Thanks to Jarle Tufto who provided an outline of the main idea in the comments. All errors are my own.

We can realize that if $$\sigma$$ was known, the distribution of the MLE of the slope is $$\frac{\sigma^2}{\sum (x_i - m)^2}$$ where $$m$$ is the observed mean of $$x$$ (taken from Wiki )

This means that the difference of the two MLEs is also going to be normally distributed. We however do not know $$\sigma$$, and plugging in the estimate of sigma from the first part, the resulting quantity is $$t$$-distributed with $$n−2$$ degrees of freedom, where $$n$$ is the sample size of the observed data.

So the prediction interval will be derived from t distribution centered at the MLE from the first batch of data and with standard error of $$\sqrt{s^2 + \frac{\hat{\sigma}^2}{\sum (\bar{x}_i - \bar{m})^2}}$$ where $$\hat\sigma$$ is the estimate of $$\sigma$$ from the first regression, $$s$$ is the standard error from the first regression and $$\bar{m}$$ is the mean of $$\bar{x}$$.

Adapting the code example from the question:



x <- rep(0:5, times = 4)
xbar <- rep(0:5, times = 2)

N_sims <- 10000

#Pre-allocate
y <- matrix(NA_real_, nrow = N_sims, ncol = length(x))
ybar <- matrix(NA_real_, nrow = N_sims, ncol = length(xbar))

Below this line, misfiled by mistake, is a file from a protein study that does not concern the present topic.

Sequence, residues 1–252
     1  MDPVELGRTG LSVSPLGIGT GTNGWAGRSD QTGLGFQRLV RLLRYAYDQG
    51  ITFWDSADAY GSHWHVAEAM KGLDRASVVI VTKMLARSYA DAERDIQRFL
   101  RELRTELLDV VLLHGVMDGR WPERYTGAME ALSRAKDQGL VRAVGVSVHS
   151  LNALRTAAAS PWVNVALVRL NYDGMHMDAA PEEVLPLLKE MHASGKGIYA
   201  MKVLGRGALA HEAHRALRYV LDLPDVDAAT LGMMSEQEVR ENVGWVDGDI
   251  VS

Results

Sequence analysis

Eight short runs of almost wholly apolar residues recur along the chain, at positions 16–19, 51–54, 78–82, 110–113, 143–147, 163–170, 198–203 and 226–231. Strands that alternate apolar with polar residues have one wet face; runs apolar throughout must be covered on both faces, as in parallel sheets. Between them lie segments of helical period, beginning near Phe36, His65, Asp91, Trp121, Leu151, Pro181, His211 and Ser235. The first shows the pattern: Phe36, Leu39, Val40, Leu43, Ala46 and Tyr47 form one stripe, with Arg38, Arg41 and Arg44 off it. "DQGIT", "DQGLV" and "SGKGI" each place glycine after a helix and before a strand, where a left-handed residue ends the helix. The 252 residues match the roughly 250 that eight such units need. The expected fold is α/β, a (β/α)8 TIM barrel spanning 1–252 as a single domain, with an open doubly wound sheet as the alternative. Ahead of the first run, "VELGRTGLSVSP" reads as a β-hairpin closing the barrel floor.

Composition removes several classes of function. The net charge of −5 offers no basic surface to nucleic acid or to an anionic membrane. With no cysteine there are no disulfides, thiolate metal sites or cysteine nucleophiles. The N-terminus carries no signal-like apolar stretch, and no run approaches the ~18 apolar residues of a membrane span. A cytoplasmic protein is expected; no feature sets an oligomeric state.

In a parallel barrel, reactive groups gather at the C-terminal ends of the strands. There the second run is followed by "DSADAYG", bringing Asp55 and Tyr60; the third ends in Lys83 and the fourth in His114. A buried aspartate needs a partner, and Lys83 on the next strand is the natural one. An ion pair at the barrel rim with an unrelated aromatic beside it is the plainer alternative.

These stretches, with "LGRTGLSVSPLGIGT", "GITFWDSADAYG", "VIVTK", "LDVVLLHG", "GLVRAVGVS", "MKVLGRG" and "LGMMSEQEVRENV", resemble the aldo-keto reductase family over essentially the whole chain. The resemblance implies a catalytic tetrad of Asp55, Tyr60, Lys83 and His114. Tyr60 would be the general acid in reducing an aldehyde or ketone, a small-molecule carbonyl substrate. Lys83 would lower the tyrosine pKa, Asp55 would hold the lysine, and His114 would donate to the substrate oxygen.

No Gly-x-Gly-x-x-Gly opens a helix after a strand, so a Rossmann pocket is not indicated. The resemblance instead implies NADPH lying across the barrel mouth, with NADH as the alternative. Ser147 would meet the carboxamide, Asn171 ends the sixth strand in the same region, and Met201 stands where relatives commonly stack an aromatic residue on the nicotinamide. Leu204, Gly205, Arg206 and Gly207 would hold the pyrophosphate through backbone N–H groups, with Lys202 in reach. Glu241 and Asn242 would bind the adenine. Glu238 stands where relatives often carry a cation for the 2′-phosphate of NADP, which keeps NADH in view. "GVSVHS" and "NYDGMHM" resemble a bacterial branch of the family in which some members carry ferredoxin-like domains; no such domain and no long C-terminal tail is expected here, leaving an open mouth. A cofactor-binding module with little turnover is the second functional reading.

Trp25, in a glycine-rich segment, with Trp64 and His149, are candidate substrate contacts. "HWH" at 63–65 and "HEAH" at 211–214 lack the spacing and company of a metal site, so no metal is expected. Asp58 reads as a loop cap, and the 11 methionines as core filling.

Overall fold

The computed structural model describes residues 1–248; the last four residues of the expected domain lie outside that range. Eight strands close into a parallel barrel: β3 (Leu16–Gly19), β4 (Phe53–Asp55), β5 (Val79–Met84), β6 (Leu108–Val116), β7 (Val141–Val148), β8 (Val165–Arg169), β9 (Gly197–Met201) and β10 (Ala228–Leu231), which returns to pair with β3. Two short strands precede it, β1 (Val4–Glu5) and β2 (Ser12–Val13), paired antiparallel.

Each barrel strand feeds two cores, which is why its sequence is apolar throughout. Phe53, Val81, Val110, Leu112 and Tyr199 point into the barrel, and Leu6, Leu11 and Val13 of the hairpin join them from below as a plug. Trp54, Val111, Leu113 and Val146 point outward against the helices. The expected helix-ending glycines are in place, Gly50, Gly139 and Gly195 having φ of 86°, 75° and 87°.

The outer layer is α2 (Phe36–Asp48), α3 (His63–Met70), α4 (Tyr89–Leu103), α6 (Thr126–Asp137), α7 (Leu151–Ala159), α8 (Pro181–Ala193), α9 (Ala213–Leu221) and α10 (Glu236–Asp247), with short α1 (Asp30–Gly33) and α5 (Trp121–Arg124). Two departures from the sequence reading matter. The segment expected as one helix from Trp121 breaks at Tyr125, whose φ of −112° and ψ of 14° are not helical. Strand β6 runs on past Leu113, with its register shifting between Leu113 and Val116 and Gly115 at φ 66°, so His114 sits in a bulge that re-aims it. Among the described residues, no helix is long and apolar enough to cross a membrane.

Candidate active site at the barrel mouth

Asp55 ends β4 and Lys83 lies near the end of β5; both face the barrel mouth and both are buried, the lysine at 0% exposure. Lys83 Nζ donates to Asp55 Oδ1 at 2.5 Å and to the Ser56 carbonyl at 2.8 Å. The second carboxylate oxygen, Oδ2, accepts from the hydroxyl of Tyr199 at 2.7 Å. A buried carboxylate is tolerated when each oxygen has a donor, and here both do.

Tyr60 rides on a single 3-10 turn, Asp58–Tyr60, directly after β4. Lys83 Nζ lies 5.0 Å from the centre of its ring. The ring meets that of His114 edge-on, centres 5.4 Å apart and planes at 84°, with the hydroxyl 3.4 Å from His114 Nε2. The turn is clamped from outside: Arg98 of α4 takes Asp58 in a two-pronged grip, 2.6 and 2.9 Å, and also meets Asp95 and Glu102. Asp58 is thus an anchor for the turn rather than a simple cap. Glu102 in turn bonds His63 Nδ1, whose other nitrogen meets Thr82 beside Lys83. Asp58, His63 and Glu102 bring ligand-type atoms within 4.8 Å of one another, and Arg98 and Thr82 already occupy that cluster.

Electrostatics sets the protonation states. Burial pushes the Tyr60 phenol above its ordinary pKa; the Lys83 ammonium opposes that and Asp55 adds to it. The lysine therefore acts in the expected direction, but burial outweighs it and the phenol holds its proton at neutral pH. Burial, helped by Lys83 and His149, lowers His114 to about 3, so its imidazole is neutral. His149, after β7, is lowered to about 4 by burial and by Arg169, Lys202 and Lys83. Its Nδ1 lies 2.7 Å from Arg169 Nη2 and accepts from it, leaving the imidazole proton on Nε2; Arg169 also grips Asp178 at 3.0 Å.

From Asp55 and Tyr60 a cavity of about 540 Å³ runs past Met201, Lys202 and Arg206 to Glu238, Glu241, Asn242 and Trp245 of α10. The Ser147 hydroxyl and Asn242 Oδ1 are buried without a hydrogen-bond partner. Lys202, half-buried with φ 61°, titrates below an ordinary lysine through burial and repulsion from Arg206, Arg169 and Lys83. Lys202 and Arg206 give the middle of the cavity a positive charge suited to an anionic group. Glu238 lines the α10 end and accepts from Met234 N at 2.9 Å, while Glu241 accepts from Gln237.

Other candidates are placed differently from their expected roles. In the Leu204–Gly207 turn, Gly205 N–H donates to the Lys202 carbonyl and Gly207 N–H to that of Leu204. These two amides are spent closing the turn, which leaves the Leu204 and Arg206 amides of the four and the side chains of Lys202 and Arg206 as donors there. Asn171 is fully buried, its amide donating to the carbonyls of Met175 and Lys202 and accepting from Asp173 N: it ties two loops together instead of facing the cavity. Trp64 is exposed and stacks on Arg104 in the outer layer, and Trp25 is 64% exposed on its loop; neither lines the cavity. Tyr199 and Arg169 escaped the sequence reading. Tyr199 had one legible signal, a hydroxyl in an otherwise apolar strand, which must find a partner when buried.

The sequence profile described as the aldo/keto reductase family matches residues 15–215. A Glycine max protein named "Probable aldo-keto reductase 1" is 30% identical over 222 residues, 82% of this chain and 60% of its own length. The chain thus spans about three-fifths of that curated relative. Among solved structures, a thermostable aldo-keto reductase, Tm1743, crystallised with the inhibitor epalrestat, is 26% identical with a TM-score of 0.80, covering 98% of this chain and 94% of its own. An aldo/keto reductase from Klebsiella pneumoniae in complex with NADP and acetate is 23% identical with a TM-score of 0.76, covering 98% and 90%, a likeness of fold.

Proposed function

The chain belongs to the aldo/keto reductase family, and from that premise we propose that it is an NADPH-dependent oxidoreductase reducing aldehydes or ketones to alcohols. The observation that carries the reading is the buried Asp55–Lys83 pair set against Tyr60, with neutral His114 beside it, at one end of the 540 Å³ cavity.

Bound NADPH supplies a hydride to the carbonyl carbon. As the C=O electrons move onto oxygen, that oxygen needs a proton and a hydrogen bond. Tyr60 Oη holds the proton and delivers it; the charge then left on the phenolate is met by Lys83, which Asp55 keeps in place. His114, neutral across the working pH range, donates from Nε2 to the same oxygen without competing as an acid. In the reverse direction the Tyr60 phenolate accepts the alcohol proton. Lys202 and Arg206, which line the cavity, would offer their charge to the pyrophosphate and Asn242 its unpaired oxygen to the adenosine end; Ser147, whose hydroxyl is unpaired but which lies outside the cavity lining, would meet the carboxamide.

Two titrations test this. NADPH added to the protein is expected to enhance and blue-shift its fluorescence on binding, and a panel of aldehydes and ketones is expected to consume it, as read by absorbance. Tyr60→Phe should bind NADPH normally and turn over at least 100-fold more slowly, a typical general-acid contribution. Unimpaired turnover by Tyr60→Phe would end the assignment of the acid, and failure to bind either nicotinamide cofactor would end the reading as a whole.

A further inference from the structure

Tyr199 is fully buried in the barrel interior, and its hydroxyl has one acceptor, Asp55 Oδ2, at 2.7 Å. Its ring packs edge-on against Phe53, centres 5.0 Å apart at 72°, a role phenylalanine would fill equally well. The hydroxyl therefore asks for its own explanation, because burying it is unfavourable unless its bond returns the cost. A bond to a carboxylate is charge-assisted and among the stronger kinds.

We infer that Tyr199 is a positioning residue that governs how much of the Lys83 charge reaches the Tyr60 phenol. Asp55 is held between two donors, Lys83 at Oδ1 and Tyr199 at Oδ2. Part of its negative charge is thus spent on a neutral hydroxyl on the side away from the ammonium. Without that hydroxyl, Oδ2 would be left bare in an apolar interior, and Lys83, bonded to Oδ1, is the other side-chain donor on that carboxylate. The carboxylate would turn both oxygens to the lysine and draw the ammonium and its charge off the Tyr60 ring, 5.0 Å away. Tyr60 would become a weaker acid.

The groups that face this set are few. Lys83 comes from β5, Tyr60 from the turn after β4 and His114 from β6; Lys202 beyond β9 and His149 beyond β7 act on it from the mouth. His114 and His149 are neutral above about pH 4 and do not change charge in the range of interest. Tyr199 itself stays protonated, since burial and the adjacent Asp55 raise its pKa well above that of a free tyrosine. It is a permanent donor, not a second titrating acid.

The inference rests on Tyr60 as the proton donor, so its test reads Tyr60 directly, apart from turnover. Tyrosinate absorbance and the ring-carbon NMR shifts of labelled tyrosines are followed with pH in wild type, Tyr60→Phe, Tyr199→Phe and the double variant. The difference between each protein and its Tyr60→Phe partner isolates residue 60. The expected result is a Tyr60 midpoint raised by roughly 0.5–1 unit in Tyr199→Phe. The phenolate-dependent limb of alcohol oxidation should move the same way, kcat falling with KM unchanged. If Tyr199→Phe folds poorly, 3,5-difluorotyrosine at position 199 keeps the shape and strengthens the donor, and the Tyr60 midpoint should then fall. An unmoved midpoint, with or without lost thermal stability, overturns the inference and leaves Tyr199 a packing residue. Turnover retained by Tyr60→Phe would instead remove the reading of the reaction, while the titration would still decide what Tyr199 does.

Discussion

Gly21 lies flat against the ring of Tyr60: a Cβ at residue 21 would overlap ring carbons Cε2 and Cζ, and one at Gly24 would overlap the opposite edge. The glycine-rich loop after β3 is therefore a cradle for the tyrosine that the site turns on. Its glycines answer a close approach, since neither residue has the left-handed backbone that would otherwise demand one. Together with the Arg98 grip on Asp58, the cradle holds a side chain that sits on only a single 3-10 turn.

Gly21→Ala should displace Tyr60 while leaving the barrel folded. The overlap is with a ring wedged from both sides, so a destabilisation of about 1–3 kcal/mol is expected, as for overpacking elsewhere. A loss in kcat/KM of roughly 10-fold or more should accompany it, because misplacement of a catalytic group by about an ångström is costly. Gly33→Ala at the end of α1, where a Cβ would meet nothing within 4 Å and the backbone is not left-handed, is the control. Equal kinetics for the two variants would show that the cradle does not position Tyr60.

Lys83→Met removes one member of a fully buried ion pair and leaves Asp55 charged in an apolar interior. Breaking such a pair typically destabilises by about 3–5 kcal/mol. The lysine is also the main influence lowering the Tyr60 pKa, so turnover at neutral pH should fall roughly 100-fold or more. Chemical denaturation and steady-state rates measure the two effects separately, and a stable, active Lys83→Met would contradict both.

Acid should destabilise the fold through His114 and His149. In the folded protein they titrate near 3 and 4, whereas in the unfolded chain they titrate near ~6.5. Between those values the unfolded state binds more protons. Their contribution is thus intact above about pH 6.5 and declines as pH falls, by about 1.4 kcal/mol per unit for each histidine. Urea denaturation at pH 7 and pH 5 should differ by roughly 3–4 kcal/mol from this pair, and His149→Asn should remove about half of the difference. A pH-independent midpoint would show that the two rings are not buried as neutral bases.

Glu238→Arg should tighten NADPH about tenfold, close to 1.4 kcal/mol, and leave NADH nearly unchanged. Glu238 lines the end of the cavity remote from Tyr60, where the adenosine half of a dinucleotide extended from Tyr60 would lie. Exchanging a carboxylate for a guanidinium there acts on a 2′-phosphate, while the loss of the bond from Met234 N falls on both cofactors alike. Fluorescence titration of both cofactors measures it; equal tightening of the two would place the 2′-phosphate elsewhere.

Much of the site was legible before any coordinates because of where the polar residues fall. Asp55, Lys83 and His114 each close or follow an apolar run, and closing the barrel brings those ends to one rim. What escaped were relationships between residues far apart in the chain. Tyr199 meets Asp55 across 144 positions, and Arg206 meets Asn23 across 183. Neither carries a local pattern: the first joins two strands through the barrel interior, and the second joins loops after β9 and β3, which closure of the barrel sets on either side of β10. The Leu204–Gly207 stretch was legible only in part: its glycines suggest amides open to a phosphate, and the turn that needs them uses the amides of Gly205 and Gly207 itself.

b1 <- numeric(N_sims)
b1ci <- matrix(NA_real_, nrow = N_sims, ncol = 2)
b1bar <- numeric(N_sims)

b1pred <- matrix(NA_real_, nrow = N_sims, ncol = 2)

for(i in 1:N_sims) {
# Choose the true values randomly
# The results are quite similar whether I choose
# those separately for each simulation or
# once at the begining of the script
true_b0 <- 1 + rnorm(1)
true_b1 <- 0.5 + rnorm(1)
true_sigma <- 1 + rlnorm(1)

y_ <- rnorm(length(x), true_b0 + x * true_b1, sd = true_sigma)
y[i,] <- y_
fit <- lm(y_ ~ x)
b1[i] <- coef(fit)["x"]
b1ci[i,] <- confint(fit)["x",]

# Calculate the prediction interval for b1bar
b1bar_var <- sigma(fit)^2 / sum((xbar - mean(xbar))^2)
b1_var <- vcov(fit)["x", "x"]
diff_se <- sqrt(b1bar_var + b1_var)
b1pred[i, ] <- b1[i] + qt(c(0.025,0.975), df = length(x) - 2) * diff_se

## Actually fit the new data
ybar_ <- rnorm(length(xbar), true_b0 + xbar * true_b1, sd = true_sigma)
ybar[i,] <- ybar_
fitbar <- lm(ybar_ ~ xbar)
b1bar[i] <- coef(fitbar)["xbar"]
}

cat("Coverage prediction: ", mean(b1bar >= b1pred[,1] & b1bar <= b1pred[,2]))


Shows the expected coverage behaviour.

• I think there should be a square for $\hat{\sigma}$ under the square root in the equation for the standard error of the difference, right? Commented Feb 13, 2023 at 22:11
• @COOLSerdash yes, thanks for noticing, fixed. Commented Feb 14, 2023 at 8:34